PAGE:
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10 PHP Tips to Improve Coding

10 PHP Tips to Improve Coding. PHP has seen a tremendous rise and support from the developer community and has become most popular programming language for the Web applications. Many popular websites are powered by PHP, and an overwhelming majority of scripts and Web projects are built with the popular language.

Because of PHP’s huge popularity, it has become almost impossible for Web developers not to have at least a working knowledge of PHP. Listed below are 10 excellent techniques that PHP developers should learn and use every time they program. These tips will speed up proficiency and make the code much more responsive, cleaner and more optimized for performance.

1. Use an SQL Injection Cheat Sheet

An SQL injection is a security exploit that allows a hacker to dive into your database using a vulnerability in your code. While this article isn’t about MySQL, many PHP programs use MySQL databases with PHP, so knowing what to avoid is handy if you want to write secure code.

Furruh Mavituna has a very nifty SQL injection cheat sheet that has a section on vulnerabilities with PHP and MySQL. If you can avoid the practices the cheat sheet identifies, your code will be much less prone to scripting attacks.

2. Know the Difference Between Comparison Operators

Comparison operators are a huge part of PHP, and some programmers may not be as well-versed in their differences as they ought. In fact, an article at I/O reader states that many PHP developers can’t tell the differences right away between comparison operators. Tsk tsk.

These are extremely useful and most PHPers can’t tell the difference between == and ===. Essentially, == looks for equality, and by that PHP will generally try to coerce data into similar formats, eg: 1 == ‘1′ (true), whereas === looks for identity: 1 === ‘1′ (false). The usefulness of these operators should be immediately recognized for common functions such as strpos(). Since zero in PHP is analogous to FALSE it means that without this operator there would be no way to tell from the result of strpos() if something is at the beginning of a string or if strpos() failed to find anything. Obviously this has many applications elsewhere where returning zero is not equivalent to FALSE.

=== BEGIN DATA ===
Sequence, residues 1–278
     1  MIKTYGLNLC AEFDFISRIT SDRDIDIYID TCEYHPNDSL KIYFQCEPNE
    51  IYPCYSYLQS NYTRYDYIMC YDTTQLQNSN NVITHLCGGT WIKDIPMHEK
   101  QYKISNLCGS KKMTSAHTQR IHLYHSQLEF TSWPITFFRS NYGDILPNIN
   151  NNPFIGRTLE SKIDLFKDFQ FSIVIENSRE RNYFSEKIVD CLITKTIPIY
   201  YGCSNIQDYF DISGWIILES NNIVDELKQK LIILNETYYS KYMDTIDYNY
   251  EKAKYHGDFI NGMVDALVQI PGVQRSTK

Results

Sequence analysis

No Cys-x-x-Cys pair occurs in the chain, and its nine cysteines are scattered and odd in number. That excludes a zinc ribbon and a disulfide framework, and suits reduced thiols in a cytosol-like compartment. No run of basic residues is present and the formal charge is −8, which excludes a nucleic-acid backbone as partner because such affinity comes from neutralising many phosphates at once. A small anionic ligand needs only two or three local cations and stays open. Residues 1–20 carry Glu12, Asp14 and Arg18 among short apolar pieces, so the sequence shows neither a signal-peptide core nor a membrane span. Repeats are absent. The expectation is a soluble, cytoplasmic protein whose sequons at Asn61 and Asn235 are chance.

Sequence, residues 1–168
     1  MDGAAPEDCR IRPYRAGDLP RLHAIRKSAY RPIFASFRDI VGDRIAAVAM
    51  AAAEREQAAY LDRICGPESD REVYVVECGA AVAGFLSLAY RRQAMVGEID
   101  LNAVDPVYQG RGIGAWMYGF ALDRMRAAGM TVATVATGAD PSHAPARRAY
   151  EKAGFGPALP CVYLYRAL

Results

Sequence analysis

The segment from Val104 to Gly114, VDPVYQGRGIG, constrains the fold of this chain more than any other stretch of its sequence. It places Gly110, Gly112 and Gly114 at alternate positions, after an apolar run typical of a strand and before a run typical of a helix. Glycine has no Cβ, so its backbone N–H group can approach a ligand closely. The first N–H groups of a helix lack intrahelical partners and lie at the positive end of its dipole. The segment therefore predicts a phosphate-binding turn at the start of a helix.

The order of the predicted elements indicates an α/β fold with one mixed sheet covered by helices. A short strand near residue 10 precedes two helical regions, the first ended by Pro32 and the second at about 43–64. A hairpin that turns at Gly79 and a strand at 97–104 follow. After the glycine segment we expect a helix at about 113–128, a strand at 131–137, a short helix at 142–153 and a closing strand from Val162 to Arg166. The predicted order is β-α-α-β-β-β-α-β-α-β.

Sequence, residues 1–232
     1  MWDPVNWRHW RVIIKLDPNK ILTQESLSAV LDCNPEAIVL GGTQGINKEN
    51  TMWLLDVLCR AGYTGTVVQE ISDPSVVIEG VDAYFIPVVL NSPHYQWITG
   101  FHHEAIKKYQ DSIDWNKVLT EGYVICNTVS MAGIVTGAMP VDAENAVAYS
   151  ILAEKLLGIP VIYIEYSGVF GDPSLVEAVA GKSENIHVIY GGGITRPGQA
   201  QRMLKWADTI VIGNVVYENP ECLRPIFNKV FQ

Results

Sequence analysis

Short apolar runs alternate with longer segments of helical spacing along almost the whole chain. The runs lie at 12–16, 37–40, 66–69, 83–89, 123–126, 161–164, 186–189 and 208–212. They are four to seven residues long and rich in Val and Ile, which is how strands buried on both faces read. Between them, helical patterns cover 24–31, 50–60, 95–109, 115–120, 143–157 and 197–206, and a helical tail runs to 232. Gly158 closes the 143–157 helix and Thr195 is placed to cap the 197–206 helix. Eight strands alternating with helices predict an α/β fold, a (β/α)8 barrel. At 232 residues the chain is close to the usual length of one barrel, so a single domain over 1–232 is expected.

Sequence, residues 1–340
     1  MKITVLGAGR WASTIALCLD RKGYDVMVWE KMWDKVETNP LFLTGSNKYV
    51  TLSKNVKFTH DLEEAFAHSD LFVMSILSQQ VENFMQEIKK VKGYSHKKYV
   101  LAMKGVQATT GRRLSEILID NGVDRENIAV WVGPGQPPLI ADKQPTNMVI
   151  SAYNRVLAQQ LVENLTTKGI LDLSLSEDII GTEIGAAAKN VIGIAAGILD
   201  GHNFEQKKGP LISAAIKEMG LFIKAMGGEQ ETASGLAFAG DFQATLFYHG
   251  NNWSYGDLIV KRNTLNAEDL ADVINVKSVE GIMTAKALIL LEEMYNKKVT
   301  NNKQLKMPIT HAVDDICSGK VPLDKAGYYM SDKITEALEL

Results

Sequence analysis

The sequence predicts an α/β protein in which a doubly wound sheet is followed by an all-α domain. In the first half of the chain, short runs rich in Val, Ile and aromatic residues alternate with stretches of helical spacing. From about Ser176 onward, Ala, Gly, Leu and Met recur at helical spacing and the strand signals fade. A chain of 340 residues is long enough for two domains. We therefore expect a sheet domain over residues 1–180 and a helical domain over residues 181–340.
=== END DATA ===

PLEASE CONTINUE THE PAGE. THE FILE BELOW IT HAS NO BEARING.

Just to be clear, == looks for equality, and === looks for identity. You can see a list of the comparison operators on the PHP.net website.

3. Shortcut the else

It should be noted that tips 3 and 4 both might make the code slightly less readable. The emphasis for these tips is on speed and performance. If you’d rather not sacrifice readability, then you might want to skip them.

Anything that can be done to make the code simpler and smaller is usually a good practice. One such tip is to take the middleman out of else statements, so to speak. Christian Montoya has an excellent example of conserving characters with shorter else statements.

Usual else statement:

If the $x is going to be 10 by default, just start with 10. No need to bother typing the else at all.

While it may not seem like a huge difference in the space saved in the code, if there are a lot of else statements in your programming, it will definitely add up.

4. Drop those Brackets

Much like using shortcuts when writing else functions, you can also save some characters in the code by dropping the brackets in a single expression following a control structure. Evolt.org has a handy example showcasing a bracket-less structure.

This is the same as:

You can even use multiple instances:

5. Favour str_replace() over ereg_replace() and preg_replace()

Speed tests show that str_replace() is 61% faster.

In terms of efficiency, str_replace() is much more efficient than regular expressions at replacing strings. In fact, according to Making the Web, str_replace() is 61% more efficient than regular expressions like ereg_replace() and preg_replace().